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Early pension and JSA

Discussion in 'Retirement' started by kty, Mar 1, 2016.

  1. kty

    kty New commenter

    Take care if you may be faced with a period of unemployment but are already drawing a (reduced) teacher's pension. Having taken a reduced teacher's pension at 55, I was able to fnd part time work for some time. When that finished and I was looking for work, I applied for JSA based on 35 years of NI contributions. This is a non means tested benefit based purely on contributions. Except it isn't. Because if you have been prudent enough to pay into a private pension and are currently using that to survive, your JSA payment is reduced pound for pound if you receive over £50 per week, bringing your JSA to zero.

    In addition, your state pension statement shows that your entitlement is also affected quite considerably, in my case a reduction of nearly £160 per month. If only I had known, I could have used my hefty pension contributions to invest otherwise, be receiving the JSA that I had paid in for over 35 years and be due to receive the full state pension.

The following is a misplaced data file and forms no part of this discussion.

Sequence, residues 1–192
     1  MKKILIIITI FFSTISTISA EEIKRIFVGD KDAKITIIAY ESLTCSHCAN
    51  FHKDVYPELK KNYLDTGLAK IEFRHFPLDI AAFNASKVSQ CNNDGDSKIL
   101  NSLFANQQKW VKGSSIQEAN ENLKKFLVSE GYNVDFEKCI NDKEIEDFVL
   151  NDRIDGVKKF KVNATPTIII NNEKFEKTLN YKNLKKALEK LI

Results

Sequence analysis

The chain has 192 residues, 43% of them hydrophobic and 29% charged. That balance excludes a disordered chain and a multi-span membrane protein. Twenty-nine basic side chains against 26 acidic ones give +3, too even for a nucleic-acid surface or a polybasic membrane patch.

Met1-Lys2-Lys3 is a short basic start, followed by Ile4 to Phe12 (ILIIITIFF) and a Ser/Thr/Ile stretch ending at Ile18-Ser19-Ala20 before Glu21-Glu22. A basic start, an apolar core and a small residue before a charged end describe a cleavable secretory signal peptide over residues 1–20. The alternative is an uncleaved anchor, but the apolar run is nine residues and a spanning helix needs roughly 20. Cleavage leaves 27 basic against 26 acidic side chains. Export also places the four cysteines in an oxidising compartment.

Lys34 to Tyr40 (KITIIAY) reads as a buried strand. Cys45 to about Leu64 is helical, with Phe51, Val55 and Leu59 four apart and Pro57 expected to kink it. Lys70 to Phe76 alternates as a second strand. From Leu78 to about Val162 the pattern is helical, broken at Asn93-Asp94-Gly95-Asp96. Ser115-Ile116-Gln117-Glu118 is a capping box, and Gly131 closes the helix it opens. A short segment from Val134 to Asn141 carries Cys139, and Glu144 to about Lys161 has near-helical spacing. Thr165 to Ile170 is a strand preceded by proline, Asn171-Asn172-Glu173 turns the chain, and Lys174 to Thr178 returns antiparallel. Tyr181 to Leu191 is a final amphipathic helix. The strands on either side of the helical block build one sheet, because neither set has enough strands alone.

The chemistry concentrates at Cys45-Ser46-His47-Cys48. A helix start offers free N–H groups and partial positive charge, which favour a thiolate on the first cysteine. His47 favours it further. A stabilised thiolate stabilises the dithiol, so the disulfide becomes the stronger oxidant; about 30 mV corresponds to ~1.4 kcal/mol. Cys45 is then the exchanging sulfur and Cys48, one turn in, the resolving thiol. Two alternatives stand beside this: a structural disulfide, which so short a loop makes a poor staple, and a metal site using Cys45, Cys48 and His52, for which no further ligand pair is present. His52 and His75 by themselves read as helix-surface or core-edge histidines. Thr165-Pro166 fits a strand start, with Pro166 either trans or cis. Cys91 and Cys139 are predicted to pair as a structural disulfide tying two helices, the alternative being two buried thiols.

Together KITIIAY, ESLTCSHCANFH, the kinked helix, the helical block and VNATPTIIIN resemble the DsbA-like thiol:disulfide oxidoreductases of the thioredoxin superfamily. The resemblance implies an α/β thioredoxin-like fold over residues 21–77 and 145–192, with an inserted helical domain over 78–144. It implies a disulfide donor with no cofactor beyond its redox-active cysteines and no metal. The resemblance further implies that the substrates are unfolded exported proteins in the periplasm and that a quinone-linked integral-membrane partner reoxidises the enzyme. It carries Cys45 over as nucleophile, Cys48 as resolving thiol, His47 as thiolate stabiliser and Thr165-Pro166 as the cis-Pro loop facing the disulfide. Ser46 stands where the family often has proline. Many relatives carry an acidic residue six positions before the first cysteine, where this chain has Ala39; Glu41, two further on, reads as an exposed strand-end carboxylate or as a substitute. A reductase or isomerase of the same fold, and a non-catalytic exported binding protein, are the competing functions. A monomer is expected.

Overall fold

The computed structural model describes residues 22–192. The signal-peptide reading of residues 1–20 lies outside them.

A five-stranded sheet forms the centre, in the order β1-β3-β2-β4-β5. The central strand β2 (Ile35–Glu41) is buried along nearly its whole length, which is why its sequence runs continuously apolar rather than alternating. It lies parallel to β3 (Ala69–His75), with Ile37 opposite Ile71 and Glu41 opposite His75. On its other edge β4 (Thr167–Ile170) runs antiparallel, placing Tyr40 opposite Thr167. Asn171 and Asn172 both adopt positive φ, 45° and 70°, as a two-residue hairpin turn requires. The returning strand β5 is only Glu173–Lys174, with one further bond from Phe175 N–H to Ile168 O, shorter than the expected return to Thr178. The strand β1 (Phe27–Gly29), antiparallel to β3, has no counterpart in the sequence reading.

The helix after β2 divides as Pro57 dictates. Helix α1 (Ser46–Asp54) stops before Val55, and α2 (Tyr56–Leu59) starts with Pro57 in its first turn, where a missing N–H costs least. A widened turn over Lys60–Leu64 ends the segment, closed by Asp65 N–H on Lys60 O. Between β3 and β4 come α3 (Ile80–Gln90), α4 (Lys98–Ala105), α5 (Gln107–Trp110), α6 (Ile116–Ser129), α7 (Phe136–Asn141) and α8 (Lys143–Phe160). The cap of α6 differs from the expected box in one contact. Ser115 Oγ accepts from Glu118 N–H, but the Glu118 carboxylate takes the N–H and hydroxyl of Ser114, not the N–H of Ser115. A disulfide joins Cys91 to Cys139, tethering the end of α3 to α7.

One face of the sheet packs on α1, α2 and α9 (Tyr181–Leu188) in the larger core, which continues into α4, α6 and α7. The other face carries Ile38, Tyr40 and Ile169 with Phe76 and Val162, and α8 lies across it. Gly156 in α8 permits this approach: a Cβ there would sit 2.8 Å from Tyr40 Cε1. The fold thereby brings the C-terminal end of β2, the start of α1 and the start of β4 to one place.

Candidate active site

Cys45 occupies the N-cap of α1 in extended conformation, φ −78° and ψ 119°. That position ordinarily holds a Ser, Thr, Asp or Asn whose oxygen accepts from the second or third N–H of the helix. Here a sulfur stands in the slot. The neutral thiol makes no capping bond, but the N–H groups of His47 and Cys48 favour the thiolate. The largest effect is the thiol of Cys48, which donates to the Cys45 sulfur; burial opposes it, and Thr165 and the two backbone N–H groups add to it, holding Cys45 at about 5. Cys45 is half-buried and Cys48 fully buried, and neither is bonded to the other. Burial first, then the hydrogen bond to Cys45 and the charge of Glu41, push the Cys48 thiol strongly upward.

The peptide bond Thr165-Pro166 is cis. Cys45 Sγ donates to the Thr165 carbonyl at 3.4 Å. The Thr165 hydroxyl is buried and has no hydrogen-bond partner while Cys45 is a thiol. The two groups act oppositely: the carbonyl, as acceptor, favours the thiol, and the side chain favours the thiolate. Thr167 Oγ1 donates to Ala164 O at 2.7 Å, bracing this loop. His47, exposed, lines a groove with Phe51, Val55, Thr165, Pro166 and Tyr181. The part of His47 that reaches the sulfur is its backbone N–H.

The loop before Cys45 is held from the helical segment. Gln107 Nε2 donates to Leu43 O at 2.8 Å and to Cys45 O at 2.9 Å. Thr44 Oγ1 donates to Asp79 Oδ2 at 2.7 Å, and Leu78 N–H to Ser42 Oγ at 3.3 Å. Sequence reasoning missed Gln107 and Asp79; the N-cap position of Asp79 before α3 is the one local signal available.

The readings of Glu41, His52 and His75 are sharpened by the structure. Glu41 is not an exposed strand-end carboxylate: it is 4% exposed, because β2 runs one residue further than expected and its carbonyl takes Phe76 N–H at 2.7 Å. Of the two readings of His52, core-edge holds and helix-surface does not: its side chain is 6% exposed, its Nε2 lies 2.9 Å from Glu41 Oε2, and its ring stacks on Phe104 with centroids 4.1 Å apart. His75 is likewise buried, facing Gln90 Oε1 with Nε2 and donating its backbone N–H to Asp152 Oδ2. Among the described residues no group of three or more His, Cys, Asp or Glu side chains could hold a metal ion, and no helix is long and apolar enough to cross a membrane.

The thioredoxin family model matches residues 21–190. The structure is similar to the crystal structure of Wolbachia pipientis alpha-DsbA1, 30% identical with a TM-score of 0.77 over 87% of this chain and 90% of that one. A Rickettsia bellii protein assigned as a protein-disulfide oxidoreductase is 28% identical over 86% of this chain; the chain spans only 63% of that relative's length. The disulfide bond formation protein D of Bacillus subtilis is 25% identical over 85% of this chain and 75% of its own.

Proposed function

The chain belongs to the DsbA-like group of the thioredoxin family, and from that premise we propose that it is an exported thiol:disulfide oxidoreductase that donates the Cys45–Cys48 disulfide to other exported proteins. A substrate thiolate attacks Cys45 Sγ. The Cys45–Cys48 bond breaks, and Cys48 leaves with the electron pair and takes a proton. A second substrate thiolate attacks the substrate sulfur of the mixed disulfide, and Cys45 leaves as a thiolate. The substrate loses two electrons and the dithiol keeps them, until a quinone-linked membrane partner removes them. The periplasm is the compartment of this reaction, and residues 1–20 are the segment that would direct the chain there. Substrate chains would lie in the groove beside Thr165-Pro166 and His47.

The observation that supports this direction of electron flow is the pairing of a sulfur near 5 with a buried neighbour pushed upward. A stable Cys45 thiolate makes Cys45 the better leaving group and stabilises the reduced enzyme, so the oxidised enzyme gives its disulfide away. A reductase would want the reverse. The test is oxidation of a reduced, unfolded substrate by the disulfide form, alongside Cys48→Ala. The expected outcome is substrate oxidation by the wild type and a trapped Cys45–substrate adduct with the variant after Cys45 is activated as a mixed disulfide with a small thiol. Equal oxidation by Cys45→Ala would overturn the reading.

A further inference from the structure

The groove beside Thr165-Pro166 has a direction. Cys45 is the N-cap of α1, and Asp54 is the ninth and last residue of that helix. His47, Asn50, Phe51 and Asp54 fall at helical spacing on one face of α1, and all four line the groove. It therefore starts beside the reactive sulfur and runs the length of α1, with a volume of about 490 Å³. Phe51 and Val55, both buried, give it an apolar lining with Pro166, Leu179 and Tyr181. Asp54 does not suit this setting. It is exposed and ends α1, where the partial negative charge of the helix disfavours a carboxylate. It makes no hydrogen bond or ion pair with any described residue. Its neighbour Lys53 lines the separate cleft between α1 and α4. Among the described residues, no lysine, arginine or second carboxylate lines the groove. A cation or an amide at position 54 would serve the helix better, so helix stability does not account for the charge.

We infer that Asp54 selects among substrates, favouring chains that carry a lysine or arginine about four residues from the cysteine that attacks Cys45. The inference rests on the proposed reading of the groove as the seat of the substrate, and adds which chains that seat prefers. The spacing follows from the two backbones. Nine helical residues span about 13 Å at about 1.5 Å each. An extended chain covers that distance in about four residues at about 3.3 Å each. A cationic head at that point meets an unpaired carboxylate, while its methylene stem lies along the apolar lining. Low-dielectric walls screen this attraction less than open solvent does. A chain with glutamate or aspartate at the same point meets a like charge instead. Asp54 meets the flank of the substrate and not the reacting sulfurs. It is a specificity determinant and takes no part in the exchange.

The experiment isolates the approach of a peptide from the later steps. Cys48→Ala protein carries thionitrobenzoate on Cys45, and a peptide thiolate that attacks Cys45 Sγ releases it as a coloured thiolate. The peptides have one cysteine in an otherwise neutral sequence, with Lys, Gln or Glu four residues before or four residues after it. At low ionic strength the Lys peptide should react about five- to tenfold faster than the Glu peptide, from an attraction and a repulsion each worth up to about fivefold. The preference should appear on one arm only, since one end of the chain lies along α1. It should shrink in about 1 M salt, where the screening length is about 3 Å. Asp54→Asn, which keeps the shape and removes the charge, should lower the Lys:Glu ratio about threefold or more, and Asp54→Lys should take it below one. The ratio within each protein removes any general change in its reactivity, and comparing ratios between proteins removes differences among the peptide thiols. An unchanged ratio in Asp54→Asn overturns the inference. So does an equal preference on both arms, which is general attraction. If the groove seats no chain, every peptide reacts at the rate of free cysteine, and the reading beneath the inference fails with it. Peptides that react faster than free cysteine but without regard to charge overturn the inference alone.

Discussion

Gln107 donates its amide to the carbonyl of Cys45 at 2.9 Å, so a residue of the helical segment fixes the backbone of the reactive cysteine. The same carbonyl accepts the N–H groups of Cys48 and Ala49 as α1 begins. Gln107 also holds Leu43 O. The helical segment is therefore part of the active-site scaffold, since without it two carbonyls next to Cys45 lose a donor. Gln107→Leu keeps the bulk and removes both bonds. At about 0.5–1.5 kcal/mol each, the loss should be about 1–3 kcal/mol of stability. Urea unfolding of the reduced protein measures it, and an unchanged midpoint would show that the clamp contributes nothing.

2. Guest

    Guest Guest

    I am sorry but I cannot totally sympathise with your situation. You chose to take your pension at 55. Most people are unable to do that. Unfortunately your part time work finished but I personally think it is unreasonable to claim JSA after having retired. If it was partly the result of redundancy I would be more in favour. As for the not receiving the full pension that is not entirely true. Throughout your time as a teacher by being contracted out you paid less NI and were fortunate enough to be part of a very good pension scheme indexed for life. We are not affected by stock market crashes etc.... You will get more or less the same pension as most people get now but not the full rate. From April nobody will be contracted out but as a result our NI contributions will rise. However this will allow those still working to pay towards the new pension. Your so called 'hefty' contributions have bought you a more secure pension that most people can aspire too.